A performance by a professional juggler, a maker faire, hands-on activities for children (and adults), and a panel discussion about science careers led by successful alumnae are just a few of the highlights of the 9th annual Randolph College Science Festival.
The Science Festival of Central Virginia, hosted by Randolph College, is a series of free events during March that allow the public to discover and celebrate the beauty of science and its connection to many aspects of life. The program, which has something for all ages, has grown significantly since it began in 2009, and the 2017 festival promises to be the largest yet.
This year’s slate of events kicks off with the Pi Run on March 14. The 3.14-mile fun run starts in front of Main Hall at 6 p.m., takes participants down the sidewalks of historic Rivermont Avenue, and ends with free pie back at Main Hall. Pre-registration is required at http://randolphscience.org/pi-run-details/, and the first 150 to register will receive a free T-shirt. Following the run will be the American Ninja Scientists event at 7:30 p.m. in the Chandler Lounge of the Student Center.
The main series of events begins Thursday, March 23, when Greg Kennedy, a professional juggler who has performed with Cirque Du Soleil, will deliver the keynote performance. Kennedy is a two-time international juggling champion and has been featured on the cover of Juggle magazine. In addition to putting on an energetic and exciting show, Kennedy will reveal the principles of physics and geometry behind his juggling routines. The program begins at 7:30 p.m. in Smith Hall Theatre. Kennedy will also lead an open class Friday, March 24, at 11 a.m. in Room 315 of Martin Science Building. Since space for the class is limited, pre-registration is required.
An exciting addition to this year’s Science Festival is a Maker Faire by Vector Space, which will take place Sunday, March 26, from 12-4:30 p.m. As part of the slate of family-friendly Sunday Science Activities, the maker faire features hands-on activities and demonstrations, amazing exhibits, locally made products, and a group build project. Activities are intended for children as young as 4 years old as well as adults.
For the second year, Randolph will welcome a group of three alumnae with successful careers in the sciences to share their experiences and offer advice during a panel discussion on Friday, March 24. This year’s panelists are veterinarian Leslie Ann Jones ’93, certified nurse-midwife Katie Stewart Page ’08, and earth science teacher Caitlin Unterman ’12, ’14 M.A.T. The program begins at 3:30 p.m. in Nichols Theatre (inside the Student Center). Students will have the opportunity to meet each panelist prior to the event at a reception and open house at the Center for Student Research, which starts at 2:30 p.m.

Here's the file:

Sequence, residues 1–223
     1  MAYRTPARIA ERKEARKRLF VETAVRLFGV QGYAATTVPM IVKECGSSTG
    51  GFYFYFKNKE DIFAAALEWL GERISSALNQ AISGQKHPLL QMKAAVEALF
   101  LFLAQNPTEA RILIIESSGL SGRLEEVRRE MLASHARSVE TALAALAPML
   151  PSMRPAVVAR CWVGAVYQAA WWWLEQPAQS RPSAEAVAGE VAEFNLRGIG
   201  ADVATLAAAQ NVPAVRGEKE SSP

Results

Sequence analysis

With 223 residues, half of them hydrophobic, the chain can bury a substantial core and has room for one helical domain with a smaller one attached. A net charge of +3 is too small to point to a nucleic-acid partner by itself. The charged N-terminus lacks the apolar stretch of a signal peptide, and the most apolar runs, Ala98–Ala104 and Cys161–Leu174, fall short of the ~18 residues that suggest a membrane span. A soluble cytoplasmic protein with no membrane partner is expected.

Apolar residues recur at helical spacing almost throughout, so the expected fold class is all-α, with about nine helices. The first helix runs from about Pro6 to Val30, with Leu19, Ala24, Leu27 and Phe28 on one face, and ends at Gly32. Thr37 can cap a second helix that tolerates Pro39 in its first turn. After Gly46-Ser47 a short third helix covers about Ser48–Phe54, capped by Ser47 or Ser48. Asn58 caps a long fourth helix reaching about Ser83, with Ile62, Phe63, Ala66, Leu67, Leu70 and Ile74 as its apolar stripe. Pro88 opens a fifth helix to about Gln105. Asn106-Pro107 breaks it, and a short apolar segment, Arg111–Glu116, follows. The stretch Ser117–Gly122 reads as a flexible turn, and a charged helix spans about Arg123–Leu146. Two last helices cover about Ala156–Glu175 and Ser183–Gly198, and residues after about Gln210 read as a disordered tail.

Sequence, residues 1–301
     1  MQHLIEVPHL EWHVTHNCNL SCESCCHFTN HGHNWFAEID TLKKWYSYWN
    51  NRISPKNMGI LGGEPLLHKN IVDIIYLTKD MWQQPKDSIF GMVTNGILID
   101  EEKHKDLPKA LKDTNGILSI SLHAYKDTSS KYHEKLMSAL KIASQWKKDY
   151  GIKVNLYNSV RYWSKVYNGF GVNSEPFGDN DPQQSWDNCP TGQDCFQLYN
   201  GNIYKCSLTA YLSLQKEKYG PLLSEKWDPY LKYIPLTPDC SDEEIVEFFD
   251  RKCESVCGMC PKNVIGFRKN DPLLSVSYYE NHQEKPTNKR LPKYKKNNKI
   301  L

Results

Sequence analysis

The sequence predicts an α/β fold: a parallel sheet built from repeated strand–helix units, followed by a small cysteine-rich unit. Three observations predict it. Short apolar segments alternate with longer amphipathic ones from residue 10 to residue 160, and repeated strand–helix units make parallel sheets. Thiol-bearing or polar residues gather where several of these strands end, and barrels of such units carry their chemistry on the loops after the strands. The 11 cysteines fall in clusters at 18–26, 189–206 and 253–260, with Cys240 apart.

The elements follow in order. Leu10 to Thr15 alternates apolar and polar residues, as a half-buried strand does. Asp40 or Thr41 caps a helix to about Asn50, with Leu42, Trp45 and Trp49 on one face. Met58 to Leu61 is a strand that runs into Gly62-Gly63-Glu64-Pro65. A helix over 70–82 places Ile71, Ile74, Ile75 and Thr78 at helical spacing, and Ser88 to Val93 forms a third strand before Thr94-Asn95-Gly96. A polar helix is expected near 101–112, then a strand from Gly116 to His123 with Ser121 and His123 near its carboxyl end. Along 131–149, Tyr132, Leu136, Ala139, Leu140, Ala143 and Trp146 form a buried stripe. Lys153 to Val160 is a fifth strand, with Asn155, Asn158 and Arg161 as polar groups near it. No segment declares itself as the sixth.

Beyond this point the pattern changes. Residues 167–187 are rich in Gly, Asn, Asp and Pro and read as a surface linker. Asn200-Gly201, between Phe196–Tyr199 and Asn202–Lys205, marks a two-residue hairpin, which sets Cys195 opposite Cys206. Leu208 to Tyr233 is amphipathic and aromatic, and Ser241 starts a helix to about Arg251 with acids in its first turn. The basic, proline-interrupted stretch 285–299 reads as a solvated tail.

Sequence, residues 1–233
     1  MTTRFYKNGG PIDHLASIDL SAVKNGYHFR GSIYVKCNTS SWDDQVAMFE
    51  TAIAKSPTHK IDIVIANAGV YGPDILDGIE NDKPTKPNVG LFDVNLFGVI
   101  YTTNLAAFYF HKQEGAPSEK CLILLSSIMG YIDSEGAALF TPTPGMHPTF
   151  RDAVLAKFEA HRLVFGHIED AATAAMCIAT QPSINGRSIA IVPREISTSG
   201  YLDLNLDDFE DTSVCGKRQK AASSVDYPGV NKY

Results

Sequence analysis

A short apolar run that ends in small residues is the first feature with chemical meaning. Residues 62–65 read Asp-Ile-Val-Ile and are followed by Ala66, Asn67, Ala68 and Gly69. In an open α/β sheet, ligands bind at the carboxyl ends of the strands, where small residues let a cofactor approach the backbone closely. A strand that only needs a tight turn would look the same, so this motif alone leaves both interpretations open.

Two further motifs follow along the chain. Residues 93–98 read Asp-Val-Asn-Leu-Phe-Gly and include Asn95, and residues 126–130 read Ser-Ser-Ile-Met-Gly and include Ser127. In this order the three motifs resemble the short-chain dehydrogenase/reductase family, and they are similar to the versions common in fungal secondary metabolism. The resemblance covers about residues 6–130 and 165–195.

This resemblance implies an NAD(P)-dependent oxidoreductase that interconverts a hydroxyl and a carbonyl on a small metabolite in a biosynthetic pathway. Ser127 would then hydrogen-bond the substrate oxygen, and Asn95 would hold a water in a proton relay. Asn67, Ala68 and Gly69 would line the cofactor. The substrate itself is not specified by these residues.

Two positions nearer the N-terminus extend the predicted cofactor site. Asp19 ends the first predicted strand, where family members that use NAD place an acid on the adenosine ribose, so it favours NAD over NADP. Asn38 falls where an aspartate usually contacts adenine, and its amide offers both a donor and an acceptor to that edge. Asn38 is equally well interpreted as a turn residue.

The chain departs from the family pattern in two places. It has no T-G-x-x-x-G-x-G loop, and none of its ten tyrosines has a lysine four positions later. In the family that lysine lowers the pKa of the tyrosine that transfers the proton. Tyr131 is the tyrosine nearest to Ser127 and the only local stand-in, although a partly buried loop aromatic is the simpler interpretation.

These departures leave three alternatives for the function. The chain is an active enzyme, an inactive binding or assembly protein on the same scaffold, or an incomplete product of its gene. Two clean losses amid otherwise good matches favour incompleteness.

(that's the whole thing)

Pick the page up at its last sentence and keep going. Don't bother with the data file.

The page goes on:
The Randolph College Science Festival expanded from Science Day, a free program offered to elementary-aged children, which was started by students in 2005. The popularity of the one-day Science Day, which routinely fills its registration early, led to the creation of an even bigger festival that would allow Randolph to share the beauty, fun, and relevance of science to all ages. The event has grown to encompass multiple days. It is organized and operated by the Randolph College Society of Physics Students and other student, staff, and faculty volunteers around campus.
“This year’s Science Festival is going to be even better—if that is possible—than previous years,” said Peter Sheldon, a Randolph physics professor and founder and director of the Science Festival. “I am so proud of the leadership team of students who are all making this happen, and am so thankful for the numerous faculty and staff who give so much time and energy to make the Science Festival a success.”
Other highlights of the 2017 Science Festival include:
Visit www.randolphscience.org for the full schedule of events or to register for events.Tags: alumnae, events, Greg Kennedy, juggling, outcomes, performers, pi run, science day, science festival, science saturdays, speakers, women in science